In today’s atmosphere, it’s hard to imagine we survived before we had computers at our disposal. Our knowledge of the expansive universe leads us to believe that even the wildest idea can come true. However, 1878 was a very different time with a compacted world view. While some areas of society were advancing and evolving, theology dominated the majority, creating a tightness between the religious and the scientific minded.

It’s not an unexpected circumstance, but during a time when one of the most significant discoveries in the world of evolution was unearthed, it becomes complicated. In Hugh Hudson's new movie, Finding Altamira, Marcelino Sanz de Sautuola y de la Pedrueca discovered paintings on the walls of the Altamira cave in Cantabria Spain. This challenged the established timeline of events through human existence played out by the church. As an archeologist, Sautuola desired to find the truth behind the paintings, not pit the science and religious communities against each other. Even with his best efforts executed, the fight ensued.

Images provided by Prodigy Public Relations

Images provided by Prodigy Public Relations

Portraying Sautuloa is the decadent Spanish actor Antonio Banderas. He has been mesmerizing in previous films, but nothing makes you want to explore history more than the honor Banderas put forth as Sautuola. Banderas is a great actor, but nothing brings out his talent more than a movie from his homeland.  The gravely voice that delivers these lines speaks a truth the viewer can’t deny. It’s as if each historical reenactment comes bathed in respect and tenderness. The emotional turmoil Sautuola must have felt is never questioned on film

This turmoil has not to be dealt with lightly. This was a time in our history when in certain areas the Church dominated the cultural norms. To go against God and his teachings was to go against convention. In a way it’s hard to comprehend the strict division that is being showcased in this film, yet at the same time it’s something that our current cultural climate is battling. Historically, when two commanding entities engage with each other, the outcome is never good.

It’s never a hard sell to root for Sautuola, what he discovered was breathtaking. Even the introduction to the cave filmatically is beautiful in the way the cantina light bathes the underground realm, bouncing between unspoiled primitive artworks. The amazement of the discovery washes over both you and Sautuola, which includes the understanding how much this will mean to the scientific community.

The Church quickly solidifies its position as the villain in the film. Their defiant intimidating stance on the timeline of events for our world sets up the antagonist in the film, performed perfectly by the unsettling Monsignor (Rupert Everett). While every great hero needs his villain, at times this one is too overpowering. That may be the point, as the Church was one of seemingly infinite power. However, when you have a secondary conflicting force in the academic community, who believe the paintings are a forgery, Sautuola feels pitted between mighty forces with no ground to gain.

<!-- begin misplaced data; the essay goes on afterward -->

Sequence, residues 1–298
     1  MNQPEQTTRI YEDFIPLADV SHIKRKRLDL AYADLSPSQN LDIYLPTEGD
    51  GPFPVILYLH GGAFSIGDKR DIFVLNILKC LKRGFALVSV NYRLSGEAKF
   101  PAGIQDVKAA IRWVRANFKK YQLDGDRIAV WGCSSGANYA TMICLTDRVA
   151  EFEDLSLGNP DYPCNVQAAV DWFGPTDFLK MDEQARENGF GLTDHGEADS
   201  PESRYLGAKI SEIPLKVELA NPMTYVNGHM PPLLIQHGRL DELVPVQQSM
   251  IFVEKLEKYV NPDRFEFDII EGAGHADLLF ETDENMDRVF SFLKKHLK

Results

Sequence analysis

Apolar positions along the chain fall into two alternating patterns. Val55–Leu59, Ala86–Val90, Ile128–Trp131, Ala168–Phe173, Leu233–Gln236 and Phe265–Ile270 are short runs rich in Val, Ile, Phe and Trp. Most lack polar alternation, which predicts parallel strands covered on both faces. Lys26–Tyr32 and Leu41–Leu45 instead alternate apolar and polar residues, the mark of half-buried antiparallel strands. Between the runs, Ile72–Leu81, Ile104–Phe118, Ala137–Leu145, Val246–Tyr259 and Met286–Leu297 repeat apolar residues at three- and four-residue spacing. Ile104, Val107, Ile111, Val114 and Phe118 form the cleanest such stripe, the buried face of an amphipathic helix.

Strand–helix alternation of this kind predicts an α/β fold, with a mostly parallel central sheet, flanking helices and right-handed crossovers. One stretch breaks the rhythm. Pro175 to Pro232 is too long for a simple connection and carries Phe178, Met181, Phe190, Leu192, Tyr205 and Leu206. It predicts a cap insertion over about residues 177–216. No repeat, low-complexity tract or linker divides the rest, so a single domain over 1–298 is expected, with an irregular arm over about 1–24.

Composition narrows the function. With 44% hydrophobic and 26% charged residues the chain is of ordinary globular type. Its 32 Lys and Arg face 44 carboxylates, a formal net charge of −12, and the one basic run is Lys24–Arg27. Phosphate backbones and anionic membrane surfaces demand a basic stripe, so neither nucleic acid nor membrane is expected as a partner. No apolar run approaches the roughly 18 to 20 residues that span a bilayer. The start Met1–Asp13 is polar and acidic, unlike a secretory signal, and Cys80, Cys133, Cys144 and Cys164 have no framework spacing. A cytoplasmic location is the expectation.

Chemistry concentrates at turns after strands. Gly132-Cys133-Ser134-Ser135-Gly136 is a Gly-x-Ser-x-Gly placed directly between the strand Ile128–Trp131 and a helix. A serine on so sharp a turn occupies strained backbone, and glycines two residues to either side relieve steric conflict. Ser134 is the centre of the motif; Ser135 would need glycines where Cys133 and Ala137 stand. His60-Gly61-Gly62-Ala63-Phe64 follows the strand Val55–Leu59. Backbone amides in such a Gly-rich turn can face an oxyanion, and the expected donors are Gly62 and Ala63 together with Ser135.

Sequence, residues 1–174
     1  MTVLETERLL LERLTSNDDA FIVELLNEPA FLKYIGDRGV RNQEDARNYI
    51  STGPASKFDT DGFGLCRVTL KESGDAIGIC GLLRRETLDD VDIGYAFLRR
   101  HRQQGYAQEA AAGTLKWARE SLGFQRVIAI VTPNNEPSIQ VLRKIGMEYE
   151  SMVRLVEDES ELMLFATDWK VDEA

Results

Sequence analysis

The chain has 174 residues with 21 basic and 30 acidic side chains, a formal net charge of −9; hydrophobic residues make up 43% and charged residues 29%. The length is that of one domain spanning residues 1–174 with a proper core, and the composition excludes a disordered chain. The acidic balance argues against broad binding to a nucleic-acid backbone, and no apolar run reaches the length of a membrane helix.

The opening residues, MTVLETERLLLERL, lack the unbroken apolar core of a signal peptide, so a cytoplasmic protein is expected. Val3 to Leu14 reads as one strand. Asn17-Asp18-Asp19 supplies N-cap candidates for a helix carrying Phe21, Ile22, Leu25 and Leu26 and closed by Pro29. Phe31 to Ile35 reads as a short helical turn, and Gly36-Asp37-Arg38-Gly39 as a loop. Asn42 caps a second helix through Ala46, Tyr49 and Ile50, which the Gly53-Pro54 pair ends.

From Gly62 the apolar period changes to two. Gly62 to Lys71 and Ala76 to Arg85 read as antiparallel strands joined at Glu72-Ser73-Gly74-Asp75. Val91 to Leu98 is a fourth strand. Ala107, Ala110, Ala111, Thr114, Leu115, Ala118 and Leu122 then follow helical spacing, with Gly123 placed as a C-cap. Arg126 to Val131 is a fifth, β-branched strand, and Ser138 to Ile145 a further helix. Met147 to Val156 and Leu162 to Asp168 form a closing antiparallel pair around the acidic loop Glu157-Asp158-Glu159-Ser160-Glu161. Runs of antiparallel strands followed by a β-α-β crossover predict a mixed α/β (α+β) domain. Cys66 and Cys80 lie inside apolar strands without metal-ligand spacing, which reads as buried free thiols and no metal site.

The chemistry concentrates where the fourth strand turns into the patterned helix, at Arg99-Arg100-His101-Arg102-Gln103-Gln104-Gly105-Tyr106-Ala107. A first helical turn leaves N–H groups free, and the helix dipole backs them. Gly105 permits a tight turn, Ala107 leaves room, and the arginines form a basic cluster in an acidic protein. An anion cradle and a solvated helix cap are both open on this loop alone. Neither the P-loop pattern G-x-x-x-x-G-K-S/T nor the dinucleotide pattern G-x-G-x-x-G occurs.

It’s hard debating creative choices when they are influenced by actual events. As a student eager to learn about these events one would have appreciated a balance between villainous roles, dividing it between two conflicting divisions. With all of that said, however, Banderas conducts himself with prestige through all the adversity.

Images provided by Prodigy Public Relations

Images provided by Prodigy Public Relations

What stands out throughout the entire film is the struggle for recognition; the revelation of perspective. The conflicting forces are well defined, allowing the audience to choose which side they fall on (even perhaps allowing for a duality). This choice, while defiant in action, does not sever the possibility for progress. The audience is aware of the what these discoveries mean to our greater knowledge 150 years later, and what’s presented here is the hope of change.

There is a hope presented, hope that even in our times of strife, nothing can squash the inevitable evolution of acceptance. There are many examples of advances in science throughout the years, ones we now take for granted, but the beauty of this film surpasses most. The warmth and beauty introduced through the landscape of northern Spain and of the late 1800s transcends through logistics to the emotional. The audience is transported to a time when this mesmerizing discovery quite literally changed the world. A feeling of optimism our society is void of, and one we so desperately need.

Written by Lisa Mejia
Images provided by Prodigy Public Relations